I have a fragrance sampler set from Fat & the Moon. I did have some preconceived notions of what these organic and plant-based scents might be like, and what fits into what I know of this brand’s vibe and aesthetic: hand-crafted, herbal body care for natural, inclusive sustainable healing that aligns with the earth and so on. I have tried a few of their bath soaks and I love their lip paints which I like to wear in an aggressive gash at the center of my mouth like I have been nomming on a blood popsicle, but I’m not so sure about the fragrances.I tried all four of them: Artemis at Dawn, Green Man, Persephone Emerges, and Wolf Shepherd.  As you might suspect from how they are made and the ingredients they include, they are all very…earthy. Some in a musty, mossy sort of way, and some more in a fresh mud pie sort of way. I really wanted to love Artemis with its notes of Patchouli, Black Pepper & Rose Geranium, but its Persephone’s Cedar, Coriander & Jasmine that is ultimately the easiest to wear and whose clay and dirt eventually lightens to a dusty floral.  I did pay my own money for them, and I’m glad I tried them but they’re really not for me…however if you’re a fan of very natural-smelling botanical fragrances you can grab a set of all four generously on their site for something like $46.

Ellis Brooklyn Salt. What is even the point of you? You’re the live laugh love of perfumes.

L’Artisan Abyssae is exciting for me in that I do believe I have found another rose that I can tolerate. The camphoraceous aspect of the eucalyptus reigns in that effusive, extravagant jamminess of the rose and lends a quality that while not antiseptic, feels in some way discreet and brooks no frivolity, while the cashmeran enshrouds it in shadowy, softly balsamic woods. It’s a scent that is still and quiet but a tick shy of calming…there is something vaguely unsettling about it. I keep coming back to the name, “Abyssae,” which to me, sounds like it could be another mystically terrifying witch-mother from Dario Argento’s giallo thrillers. There was Suspiriorum, Terenbrarum, and Lacrymarum. Abyssae adds to the ancient triumvirate but instead of joining in on their esoteric and attempt to rule the world, Abyssae’s thing is just sitting around in arcane solitude while her sisters wreak havoc. She’s reserved, she’s dignified, she’s not interested in an invite to your stupid gender reveal party. She’s a rose thinking serious things in silence.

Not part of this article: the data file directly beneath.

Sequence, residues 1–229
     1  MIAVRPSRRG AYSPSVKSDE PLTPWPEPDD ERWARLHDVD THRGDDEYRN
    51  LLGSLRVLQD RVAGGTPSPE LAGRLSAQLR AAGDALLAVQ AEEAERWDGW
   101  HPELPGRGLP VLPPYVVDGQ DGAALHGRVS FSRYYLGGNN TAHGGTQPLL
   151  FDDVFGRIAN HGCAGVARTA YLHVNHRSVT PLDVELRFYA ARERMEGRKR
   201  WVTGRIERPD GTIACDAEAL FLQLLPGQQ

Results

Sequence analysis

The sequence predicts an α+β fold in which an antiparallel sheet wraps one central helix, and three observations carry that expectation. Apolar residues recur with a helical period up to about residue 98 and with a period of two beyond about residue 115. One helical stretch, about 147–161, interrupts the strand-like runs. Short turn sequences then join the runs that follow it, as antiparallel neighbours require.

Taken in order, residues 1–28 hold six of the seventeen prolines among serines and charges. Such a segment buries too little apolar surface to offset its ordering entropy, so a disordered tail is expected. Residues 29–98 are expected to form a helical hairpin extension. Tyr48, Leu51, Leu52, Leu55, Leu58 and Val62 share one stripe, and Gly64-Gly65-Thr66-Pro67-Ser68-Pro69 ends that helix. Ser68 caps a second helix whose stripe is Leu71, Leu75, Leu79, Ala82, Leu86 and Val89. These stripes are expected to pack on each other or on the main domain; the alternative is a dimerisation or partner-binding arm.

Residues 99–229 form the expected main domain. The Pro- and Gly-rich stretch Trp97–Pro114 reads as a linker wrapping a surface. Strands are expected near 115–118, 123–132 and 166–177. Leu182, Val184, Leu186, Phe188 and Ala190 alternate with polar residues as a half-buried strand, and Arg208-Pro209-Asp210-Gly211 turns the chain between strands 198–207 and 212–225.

Imaginary Authors Sundrunk I don’t want to call this a novelty scent because that’s a little dismissive, but it is definitely the sort of thing that one might wear to evoke a very particular nostalgia. In my case, it’s being locked outside in the afternoon heat of childhood summer vacations; my mother would hand us each a sticky, effervescent orange push-up pop, and send us outside to, ostensibly, get us out of our hair. The door wasn’t actually locked behind us, but it felt like to seek entry back indoors would be risking the sort of fury and frustration on the part of our mother, that as children, we feared immeasurably. So there’s that syrupy, citrusy, fizziness, the scent of fresh-cut grass and chopped-up jasmine from the lawnmower, a sort of soapy green honeysuckle note, and a bit of a chemical-plasticky element, that you will recognize if you have ever had your damp, brassy, freshly Sun-Ined hair, drying in the sunshine on a sweltering Florida day. I don’t know that this scent is very wearable, but I am glad that I got a chance to sniff it.